Potato Varieties: A Vision for 2030

(Sponsored) When it comes to potato varieties, the widely shared goal for 2030 is to replace most of the standard varieties that have been grown for many years to adopt new varieties that will drastically reduce nitrogen inputs, and improve water use, efficiency, and yield.

Seed Pipeline

To achieve this goal, McCain Foods is committed to developing a robust seed pipeline for new potato varieties that will help growers meet sustainability goals while maintaining high yields and quality. “You must look 5 years out when planning a seed pipeline,” says Nicole Nichol, Director Agriculture Seed and Variety. “Seed multiplication of potatoes takes a very long time compared to other crops.” To address this, McCain brought on a seed team that includes a seed agronomist and two seed representatives working with seed growers to contract volume. The seed team aims to provide guidance and financial backing to growers, their aim is to de-risk and diversify across North America – expanding westward to be closer to the consumer.

Innovation Hubs

McCain Foods conducts variety trials across North America to evaluate traits like disease resistance, nitrogen use efficiency, yield, and quality. High potential varieties are advanced to pre-commercial trials on farm fields. The current pre-commercial trial at the Idaho Innovation Hub is testing varieties selected for their potential to thrive in sustainable farming systems.

Nichol points out, “A healthy new variety pipeline will provide flexibility for our end customers and help ensure supply reliability. By working with customers and seed growers, I believe we can gain approval for new variety options across North America by 2030.”  Two top varieties highlighted in Idaho were King Russet for long-term storage and Caribou Russet for its early maturity, resistance to nematodes, and moderate resistance to verticillium. Caribou reduces the need for fumigation and improves EIQ score, which is aligned with McCain’s Regenerative Agriculture Framework. Burbank is not a control at the Hub since Caribou Russet offers better yields and with 20% less nitrogen than Burbank to achieve same yield and quality. “By running these pre-commercial trials within the Innovation Hub, we are readying for the future where we will have to get more with less: gain more yield, keep consistent great quality, and navigate climate challenge,” says Nichol.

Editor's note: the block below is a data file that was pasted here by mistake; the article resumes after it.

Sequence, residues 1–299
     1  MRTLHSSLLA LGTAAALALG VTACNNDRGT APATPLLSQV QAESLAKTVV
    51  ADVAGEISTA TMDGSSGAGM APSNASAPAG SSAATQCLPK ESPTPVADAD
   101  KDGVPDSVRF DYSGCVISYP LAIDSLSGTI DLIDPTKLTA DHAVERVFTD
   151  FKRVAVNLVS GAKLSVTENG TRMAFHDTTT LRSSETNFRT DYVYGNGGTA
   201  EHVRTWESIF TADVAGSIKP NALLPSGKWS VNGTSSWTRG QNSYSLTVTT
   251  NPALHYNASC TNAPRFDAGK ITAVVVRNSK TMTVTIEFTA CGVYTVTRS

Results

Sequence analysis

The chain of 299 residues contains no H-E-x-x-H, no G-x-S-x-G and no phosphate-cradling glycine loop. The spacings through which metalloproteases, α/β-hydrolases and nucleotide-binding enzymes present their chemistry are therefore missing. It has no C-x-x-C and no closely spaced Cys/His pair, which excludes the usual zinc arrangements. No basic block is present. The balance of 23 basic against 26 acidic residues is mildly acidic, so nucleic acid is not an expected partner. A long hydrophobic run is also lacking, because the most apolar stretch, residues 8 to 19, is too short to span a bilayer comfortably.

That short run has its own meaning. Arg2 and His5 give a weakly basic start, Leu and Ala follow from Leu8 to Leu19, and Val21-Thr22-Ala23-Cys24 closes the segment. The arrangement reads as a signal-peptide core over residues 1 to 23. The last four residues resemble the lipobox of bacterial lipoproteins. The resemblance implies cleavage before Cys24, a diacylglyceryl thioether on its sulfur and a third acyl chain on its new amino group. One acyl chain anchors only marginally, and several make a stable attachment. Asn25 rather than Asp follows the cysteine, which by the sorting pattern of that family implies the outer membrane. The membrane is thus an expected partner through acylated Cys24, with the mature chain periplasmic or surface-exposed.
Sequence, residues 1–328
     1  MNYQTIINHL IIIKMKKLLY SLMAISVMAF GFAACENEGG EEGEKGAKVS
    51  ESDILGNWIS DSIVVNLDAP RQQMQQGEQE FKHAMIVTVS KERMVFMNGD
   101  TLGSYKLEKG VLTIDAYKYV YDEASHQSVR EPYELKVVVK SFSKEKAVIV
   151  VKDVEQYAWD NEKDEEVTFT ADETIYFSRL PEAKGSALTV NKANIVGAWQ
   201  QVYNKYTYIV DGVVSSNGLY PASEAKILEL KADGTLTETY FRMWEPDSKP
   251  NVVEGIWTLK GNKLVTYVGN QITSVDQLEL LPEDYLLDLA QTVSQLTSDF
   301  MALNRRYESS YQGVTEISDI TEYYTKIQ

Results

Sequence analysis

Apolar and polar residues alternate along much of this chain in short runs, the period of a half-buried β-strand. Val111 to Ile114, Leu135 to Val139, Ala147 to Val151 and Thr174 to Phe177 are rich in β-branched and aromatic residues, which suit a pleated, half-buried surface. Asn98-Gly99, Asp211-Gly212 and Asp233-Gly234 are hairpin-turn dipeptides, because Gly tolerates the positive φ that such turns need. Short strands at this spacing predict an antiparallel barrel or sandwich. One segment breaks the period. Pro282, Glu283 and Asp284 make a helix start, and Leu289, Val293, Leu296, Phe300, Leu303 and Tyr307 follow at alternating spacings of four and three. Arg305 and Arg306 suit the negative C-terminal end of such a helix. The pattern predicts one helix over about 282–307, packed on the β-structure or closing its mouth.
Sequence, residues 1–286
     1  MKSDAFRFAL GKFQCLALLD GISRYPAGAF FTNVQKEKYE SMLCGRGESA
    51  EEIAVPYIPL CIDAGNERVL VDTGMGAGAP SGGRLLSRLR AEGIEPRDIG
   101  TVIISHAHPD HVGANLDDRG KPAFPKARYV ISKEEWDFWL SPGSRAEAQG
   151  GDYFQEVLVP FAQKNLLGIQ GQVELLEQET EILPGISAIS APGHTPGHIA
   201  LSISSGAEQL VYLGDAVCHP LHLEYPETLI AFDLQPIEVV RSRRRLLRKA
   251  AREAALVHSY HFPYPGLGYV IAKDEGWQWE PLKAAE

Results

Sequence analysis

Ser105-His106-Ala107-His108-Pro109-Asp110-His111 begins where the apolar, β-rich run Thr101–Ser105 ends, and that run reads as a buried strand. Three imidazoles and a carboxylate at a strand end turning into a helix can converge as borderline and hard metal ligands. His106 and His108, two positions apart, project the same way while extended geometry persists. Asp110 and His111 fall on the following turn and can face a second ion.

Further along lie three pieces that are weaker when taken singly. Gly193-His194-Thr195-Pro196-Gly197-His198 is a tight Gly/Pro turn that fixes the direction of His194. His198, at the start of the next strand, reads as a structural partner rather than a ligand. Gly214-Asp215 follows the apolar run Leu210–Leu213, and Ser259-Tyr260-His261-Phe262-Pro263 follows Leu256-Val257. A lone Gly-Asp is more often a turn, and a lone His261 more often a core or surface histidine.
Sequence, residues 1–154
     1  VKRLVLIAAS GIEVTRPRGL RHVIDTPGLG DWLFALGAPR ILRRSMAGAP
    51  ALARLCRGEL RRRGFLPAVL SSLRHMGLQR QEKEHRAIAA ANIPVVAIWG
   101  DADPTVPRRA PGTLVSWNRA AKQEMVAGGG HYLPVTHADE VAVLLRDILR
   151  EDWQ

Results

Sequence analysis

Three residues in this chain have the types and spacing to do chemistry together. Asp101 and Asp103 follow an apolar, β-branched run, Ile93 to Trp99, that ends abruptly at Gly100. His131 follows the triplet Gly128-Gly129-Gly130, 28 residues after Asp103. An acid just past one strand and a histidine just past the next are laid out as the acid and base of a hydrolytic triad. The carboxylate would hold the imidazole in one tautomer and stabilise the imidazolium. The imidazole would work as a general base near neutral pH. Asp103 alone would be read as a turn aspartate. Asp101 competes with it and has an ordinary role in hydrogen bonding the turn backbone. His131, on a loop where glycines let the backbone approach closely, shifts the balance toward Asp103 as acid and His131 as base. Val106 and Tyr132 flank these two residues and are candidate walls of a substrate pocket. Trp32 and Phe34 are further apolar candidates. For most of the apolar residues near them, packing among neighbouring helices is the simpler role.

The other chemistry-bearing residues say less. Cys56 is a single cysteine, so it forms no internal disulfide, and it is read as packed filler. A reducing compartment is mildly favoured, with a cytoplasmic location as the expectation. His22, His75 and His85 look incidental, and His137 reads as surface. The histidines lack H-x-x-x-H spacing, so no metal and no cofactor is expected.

These varieties could help growers reduce inputs like nitrogen fertilizer while maintaining productivity. Other varieties in development offer traits like resistance to diseases such as verticillium that may allow for reduced fumigation needs. By providing a portfolio of climate-resilient varieties, McCain aims to help growers meet sustainability targets while ensuring supply reliability for customers.


Growers who visited the Innovation Hubs are enthusiastic about these top two options – several of them have both of these varieties in their field already and they are keen to get more.  McCain is also encouraging conversations with researchers examining diseases.  Most of all, the company is looking to continue sharing learnings and insights with customers. “The bottom line is supply assurance,” says Nichol.  “There is a need for climate resilient varieties to continue to deliver the volume and quality that customers expect and we believe we have those varieties: they have plasticity, heat stress tolerance and more. There is no one variety that will solve all the North America challenges. Similar to a financial portfolio, we need to diversify the risks with multiple varieties.” Customers are increasingly engaged in conversations around varieties and the importance of flexibility to assure supply for the long term.

Ambitions for 2030

McCain is working to increase seed availability for promising new varieties by coordinating with seed growers. With continued variety development, McCain’s goal is to have largely replaced standard varieties by 2030 while gaining full customer approval for new options. This will drastically reduce nitrogen inputs, reduce EIQ scores, and move growers along the Regenerative Framework to achieve the commitment of 100% regen acres by 2030. “Seed and varieties will help McCain and growers deliver on sustainability commitments and continue striving into the future,” says Nichols.

If growers have questions about varieties in their regions or if they want to grow a new potato variety, McCain encourages them to connect with a local McCain representative who will facilitate a conversation.

To learn more about McCain, visit www.mccain.com/sustainability/smart-sustainable-farming.

© 2023 McCain

75 Applewood Dr. Ste. A
P.O. Box 128
Sparta, MI 49345


Get one year of Spudman in both print and digital editions for FREE. Preview our digital edition »

Interested in reading the print edition of Spudman?

Subscribe Today »

website development by deyo designs